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Now we know how resilient Campbelltown is when the pressure’s on

Campbelltown has become one of the first councils in Sydney to develop a resilience hazard assessment document.

The aim is to be able to better measure the resilience of the city and respond to continued growth.

Councillors endorsed the Toward A Thriving City: Our Resilience Hazard Assessment at the last council meeting.

The assessment identifies the shocks and stresses Campbelltown is most vulnerable to and the actions that council can take to place the community in a better position to plan for and manage these disruptions.

“Throughout the Covid-19 pandemic and in the face of fire and floods, our community has demonstrated its robust resilience, but there is always more that can be done to help us all prepare for difficult times,” says Mayor George Greiss, pictured during a recent smoking ceremony

“The resilience hazard assessment identifies the need to strengthen and build on the many partnerships formed during that period to address future shocks as well as deal with those chronic stresses that affect our community,” Cr Greiss said.

“Many of the findings in the assessment were used to inform Council’s Covid-19 response and we have since taken many of the learnings from that situation and applied them in our practices going forward,” he said.

The assessment document features a range of portraits painted by artist Emmanuel Asante, of 10 residents, each with their own story of resilience and bouncing back from adversity.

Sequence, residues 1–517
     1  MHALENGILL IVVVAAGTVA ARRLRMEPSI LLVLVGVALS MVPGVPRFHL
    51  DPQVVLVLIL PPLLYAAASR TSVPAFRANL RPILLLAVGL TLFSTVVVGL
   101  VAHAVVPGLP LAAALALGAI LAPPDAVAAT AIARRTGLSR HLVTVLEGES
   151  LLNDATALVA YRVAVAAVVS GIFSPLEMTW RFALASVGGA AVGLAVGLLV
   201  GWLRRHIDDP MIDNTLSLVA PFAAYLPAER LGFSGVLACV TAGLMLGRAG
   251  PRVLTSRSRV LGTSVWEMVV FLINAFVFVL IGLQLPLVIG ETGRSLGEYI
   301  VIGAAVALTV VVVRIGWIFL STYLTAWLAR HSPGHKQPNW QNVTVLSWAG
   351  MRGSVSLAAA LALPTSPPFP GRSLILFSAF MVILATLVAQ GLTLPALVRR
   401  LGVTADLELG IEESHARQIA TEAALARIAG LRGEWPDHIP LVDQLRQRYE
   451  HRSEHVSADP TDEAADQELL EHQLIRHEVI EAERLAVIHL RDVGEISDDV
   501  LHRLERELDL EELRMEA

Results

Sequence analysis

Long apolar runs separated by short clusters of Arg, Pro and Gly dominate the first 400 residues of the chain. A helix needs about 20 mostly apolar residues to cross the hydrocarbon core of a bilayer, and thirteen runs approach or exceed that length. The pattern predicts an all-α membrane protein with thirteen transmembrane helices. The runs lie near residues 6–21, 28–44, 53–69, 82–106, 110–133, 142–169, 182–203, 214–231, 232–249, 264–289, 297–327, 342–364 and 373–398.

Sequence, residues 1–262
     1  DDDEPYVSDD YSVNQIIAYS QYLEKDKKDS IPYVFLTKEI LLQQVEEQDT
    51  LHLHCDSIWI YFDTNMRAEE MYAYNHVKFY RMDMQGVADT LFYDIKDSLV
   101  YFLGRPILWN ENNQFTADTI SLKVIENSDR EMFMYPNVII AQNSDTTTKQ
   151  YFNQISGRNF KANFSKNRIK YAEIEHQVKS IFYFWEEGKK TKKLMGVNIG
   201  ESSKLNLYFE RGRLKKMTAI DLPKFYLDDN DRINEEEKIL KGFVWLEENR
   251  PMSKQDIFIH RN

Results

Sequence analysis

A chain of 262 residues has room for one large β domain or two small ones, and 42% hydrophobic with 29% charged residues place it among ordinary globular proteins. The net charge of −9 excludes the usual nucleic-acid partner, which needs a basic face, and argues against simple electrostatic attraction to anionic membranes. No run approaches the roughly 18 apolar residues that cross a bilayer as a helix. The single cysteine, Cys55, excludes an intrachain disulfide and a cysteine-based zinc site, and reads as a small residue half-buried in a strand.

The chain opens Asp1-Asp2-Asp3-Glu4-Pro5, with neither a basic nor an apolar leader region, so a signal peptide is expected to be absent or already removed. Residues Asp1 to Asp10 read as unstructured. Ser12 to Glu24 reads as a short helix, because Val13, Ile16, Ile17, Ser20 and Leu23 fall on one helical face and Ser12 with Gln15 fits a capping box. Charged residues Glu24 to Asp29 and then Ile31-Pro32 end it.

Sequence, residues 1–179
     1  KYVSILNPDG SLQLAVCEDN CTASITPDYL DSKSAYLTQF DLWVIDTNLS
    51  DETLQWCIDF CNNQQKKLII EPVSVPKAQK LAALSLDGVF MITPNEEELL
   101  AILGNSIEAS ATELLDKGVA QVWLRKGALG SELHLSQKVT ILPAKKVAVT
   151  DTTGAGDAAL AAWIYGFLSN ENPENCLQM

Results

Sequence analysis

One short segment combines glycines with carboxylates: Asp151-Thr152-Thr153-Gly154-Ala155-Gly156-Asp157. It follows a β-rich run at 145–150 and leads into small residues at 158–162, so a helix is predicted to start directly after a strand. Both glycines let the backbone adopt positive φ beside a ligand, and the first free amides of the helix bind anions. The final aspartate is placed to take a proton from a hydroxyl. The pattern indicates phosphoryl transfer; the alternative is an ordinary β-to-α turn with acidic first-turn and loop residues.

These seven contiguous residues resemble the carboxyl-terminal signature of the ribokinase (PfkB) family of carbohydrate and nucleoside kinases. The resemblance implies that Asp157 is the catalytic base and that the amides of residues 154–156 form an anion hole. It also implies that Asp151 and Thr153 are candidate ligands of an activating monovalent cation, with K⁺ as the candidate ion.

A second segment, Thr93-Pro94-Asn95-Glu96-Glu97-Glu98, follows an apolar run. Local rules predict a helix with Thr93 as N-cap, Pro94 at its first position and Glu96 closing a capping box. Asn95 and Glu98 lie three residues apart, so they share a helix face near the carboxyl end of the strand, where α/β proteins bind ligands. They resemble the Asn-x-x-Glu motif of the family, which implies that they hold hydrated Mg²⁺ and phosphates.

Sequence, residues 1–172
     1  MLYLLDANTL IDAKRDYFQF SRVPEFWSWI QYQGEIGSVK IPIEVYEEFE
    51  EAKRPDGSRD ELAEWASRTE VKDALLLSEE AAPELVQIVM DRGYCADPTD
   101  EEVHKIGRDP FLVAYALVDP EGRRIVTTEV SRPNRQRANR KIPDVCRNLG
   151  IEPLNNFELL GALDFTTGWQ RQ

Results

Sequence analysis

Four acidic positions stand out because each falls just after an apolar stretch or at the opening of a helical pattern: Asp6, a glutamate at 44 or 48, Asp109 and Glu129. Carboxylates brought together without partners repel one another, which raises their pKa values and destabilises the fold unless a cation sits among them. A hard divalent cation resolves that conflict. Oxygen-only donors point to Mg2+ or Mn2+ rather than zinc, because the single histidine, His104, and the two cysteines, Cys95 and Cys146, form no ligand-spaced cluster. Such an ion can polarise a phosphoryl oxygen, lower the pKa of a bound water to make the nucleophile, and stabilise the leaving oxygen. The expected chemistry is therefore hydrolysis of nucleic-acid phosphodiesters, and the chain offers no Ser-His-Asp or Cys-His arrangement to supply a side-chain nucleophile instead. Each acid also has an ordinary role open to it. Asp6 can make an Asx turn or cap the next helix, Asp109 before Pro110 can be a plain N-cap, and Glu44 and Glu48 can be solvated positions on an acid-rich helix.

The portraits were displayed at Campbelltown Arts Centre and later gifted to the portrait sitters.

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In other council news, Campbelltown residents are being encouraged to think about what is going into their recycling and garden bins on collection day to ensure their waste is in the right bin.

Council’s resource recovery engagement officers will soon start the first phase of a bin inspection program to identify items that don’t belong in recycling and garden waste bins.

Phase one of the program will be carried out over the next few months, where inspectors will be tagging bins that contain incorrect items and providing information to help clarify what can go in the different bins, and what can’t. Bins will still be emptied on regular collection days.

During the second phase of the program, bins that are found to contain the wrong items will be stickered and not emptied. Residents will then need to remove the incorrect items before the bin is emptied. The community will be informed before the start of this phase.

Common items that are incorrectly placed in recycling bins include soft plastics, bagged items, used tissues and paper towels and food waste.

Items that are incorrectly placed in garden waste bins include food waste, paper waste and general household waste.

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